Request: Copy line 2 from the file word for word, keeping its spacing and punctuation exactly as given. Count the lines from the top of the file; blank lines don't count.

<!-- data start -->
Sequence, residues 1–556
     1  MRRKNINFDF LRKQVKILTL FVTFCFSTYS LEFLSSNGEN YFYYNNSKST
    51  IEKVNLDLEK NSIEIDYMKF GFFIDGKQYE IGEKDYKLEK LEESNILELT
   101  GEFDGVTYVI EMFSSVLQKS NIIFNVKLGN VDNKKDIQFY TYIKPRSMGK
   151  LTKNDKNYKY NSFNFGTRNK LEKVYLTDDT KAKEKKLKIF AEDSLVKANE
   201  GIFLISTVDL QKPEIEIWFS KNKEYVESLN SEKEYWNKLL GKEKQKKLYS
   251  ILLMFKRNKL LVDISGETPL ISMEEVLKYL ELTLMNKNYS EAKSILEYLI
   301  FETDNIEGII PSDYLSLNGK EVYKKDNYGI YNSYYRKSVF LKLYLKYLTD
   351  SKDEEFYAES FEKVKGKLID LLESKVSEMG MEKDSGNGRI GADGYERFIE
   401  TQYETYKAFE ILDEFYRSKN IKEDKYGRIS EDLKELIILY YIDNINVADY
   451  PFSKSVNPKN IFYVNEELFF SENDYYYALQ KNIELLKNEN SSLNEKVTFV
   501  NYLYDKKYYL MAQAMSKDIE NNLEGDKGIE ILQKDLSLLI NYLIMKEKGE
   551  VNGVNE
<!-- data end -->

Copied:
     1  MRRKNINFDF LRKQVKILTL FVTFCFSTYS LEFLSSNGEN YFYYNNSKST